Culture: In the Most Curious Places
Much is made of the fact that hairdressers are infamous for their conversational skills, darting from topic to topic without consequence or care. It is also true that these same topics are of little consequence or care to the common folk, mere idle chit-chat whilst one is being provided with a service at an expense.
It was, therefore, with great surprise that I happened to have the most cultured of conversations this morning with a hairdresser. As I sat in the black leather seat wearing a black pin-striped suit with an open buttoned shirt and waist-coat to match, I began to fear that the conversation would soon descent into this mundane and meaningless conversation as she discussed what cut I would like.
Surprise was awash across my face as she complimented my dress sense, enquiring as to whether I always wore a suit. I responded kindly that I wore a suit throughout the week and reserved casual clothing for the weekend. She seemed pleased and enquired about occupation and I responded that I was a student, which gave her more delight as she considered it both mature and respectable that I wore a suit to university lectures and seminars.
The conversation continued about these suits and how I had gained something of a reputation as being rather well-dressed for a student before I happened to mention that most students were less concerned with dress sense and more with the dress code for clubs. I thought it both witty and dry to make such a remark and she laughed pleasantly, responding that she understood and thought little of students who drank to their death.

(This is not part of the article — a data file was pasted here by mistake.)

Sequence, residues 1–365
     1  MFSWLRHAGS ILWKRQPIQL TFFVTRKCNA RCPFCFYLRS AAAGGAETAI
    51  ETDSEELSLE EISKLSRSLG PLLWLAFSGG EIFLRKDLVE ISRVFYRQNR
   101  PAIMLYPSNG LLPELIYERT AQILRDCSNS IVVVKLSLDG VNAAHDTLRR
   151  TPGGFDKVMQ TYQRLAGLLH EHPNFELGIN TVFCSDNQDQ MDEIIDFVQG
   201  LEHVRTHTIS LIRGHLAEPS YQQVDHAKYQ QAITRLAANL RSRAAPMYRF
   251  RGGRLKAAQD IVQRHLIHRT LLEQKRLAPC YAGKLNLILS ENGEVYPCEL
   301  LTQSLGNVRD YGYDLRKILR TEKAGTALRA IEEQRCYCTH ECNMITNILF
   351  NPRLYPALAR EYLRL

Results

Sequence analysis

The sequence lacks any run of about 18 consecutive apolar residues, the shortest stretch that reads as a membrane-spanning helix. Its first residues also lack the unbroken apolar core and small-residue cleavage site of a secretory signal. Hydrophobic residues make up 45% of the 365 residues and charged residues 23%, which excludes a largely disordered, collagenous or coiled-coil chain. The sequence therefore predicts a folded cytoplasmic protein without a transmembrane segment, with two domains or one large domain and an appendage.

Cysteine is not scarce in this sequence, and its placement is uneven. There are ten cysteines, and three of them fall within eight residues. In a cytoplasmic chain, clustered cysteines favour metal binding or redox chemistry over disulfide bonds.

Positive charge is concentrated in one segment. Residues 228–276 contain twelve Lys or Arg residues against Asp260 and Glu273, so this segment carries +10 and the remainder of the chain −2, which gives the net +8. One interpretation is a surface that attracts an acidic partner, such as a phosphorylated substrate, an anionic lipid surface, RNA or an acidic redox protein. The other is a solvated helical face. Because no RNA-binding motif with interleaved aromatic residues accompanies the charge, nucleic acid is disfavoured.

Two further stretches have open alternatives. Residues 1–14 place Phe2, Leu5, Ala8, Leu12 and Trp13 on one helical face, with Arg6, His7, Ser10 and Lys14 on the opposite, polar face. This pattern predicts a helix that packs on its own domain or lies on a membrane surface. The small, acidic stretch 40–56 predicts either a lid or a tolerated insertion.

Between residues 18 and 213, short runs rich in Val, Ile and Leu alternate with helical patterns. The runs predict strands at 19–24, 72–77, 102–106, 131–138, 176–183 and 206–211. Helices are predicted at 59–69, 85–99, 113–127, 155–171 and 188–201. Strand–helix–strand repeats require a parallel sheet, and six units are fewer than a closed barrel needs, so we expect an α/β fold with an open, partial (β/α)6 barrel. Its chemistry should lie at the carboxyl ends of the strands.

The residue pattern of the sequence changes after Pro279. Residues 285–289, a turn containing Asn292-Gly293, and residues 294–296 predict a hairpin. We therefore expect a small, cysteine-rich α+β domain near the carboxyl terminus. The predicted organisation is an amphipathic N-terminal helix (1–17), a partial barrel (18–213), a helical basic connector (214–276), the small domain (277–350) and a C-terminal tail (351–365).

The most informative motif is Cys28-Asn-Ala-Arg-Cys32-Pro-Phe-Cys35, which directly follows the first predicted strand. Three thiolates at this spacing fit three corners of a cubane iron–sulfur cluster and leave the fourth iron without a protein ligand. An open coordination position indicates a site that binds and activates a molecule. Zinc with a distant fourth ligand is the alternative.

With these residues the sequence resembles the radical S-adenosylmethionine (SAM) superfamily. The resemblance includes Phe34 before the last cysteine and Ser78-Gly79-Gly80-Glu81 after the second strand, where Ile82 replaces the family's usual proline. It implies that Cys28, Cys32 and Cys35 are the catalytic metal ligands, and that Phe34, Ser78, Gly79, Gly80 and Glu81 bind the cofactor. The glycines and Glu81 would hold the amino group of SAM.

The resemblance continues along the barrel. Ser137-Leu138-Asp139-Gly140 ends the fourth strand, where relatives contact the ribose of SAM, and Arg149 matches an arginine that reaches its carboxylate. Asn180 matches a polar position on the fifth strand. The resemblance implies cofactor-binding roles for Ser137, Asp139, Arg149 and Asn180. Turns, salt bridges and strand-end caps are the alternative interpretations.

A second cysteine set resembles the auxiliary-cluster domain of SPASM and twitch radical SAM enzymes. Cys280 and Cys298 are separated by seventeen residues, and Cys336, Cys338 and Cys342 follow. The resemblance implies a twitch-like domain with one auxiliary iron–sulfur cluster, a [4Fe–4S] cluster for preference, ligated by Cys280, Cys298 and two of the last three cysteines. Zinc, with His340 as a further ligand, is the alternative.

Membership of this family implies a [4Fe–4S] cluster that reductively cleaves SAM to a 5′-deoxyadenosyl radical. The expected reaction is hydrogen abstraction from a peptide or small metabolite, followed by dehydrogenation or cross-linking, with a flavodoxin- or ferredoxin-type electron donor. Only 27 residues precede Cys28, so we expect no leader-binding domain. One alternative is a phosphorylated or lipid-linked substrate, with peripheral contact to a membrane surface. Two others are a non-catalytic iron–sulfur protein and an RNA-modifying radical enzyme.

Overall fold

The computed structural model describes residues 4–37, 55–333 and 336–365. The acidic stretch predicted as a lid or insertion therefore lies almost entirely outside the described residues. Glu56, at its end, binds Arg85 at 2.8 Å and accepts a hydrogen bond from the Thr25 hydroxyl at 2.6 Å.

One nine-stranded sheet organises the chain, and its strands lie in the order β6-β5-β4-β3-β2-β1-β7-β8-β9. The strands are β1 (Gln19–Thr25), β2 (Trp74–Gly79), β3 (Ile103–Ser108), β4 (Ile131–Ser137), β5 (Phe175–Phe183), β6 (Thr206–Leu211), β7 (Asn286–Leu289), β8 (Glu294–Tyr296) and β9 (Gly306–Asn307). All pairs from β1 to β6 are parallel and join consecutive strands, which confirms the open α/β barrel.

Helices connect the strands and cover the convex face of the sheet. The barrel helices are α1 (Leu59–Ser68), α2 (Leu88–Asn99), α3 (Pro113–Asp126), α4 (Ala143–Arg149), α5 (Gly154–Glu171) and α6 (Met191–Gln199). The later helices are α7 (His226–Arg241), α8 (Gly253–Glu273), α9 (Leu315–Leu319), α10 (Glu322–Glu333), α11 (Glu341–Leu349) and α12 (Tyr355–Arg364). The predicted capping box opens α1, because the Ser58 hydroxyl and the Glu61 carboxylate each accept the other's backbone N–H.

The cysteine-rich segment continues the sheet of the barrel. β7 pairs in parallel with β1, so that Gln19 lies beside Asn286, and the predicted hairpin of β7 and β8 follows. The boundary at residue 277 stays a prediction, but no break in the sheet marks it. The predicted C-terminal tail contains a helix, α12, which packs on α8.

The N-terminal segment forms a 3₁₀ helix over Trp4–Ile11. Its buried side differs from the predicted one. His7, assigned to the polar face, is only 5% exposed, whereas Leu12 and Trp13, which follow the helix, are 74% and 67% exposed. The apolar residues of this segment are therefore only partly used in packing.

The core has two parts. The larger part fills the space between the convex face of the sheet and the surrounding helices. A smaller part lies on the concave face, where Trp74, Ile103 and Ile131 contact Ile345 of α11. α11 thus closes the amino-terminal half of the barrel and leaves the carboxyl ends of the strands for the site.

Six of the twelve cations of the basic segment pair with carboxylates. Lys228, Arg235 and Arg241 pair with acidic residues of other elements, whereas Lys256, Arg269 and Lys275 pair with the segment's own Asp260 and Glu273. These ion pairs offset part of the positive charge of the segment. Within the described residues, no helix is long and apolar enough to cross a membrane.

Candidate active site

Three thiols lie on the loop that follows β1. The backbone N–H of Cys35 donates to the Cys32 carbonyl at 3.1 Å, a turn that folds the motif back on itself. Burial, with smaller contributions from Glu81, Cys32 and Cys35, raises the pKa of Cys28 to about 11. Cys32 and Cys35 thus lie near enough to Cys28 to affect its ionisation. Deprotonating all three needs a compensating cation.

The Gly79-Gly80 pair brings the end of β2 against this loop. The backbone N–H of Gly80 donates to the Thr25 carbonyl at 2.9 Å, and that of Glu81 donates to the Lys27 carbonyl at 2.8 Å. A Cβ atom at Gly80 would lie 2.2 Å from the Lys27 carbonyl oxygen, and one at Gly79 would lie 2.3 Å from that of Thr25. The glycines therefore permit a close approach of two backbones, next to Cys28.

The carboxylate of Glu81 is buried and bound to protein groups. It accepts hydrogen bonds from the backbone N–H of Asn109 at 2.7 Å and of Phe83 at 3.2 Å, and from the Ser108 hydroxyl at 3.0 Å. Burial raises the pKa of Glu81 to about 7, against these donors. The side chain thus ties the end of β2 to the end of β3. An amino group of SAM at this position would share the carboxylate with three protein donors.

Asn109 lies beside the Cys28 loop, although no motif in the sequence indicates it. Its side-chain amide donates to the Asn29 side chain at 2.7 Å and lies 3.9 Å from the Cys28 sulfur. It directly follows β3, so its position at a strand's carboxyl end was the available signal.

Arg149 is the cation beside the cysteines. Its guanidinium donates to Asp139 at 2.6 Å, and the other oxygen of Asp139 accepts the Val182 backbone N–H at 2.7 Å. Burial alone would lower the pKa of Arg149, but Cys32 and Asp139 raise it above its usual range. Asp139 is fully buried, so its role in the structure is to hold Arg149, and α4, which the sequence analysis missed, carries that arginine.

I agreed and mentioned that most students attended such courses because their lives lacked direction and this was nothing more than a ‘filler’, a stop-cock for the realisation of their own unimportance in the grand scheme of things. Once again, she agreed. She enquired as to what activities I was involved and I mentioned that I was a member of the university’s Liberal Democrats group. She mentioned about how she was considering not voting in the general elections.
With gusto and vigour, I responded that it was imperative that people voted or their criticism of the future government was unfounded. She agreed and asked about the political parties and I responded with much knowledge about it. I mentioned each of their parties, their policies and so forth, focusing on the important issues: economic development, education and the protection of frontline services.
As the conversation continued, I realised that I had gained the ear of another fellow hairdresser and a client. Each one was listening with intent as I spoke with passion about the importance of the vote, how the parties were failing to promise adequate change and reform. We were nearing the end and I wished to convince the audience of the need to vote.
I sealed the deal when I mentioned that few people wish to see another five years of Gordon Brown with his bumbling, miserable cabinet and the Labour Party disenchanted with politics. The audience nodded in agreement. I had captured them. Their ears were mine and I whispered as the mirror was brought out to show me the trimming: vote Liberal Democrat.
Culture comes in the most surprising of places.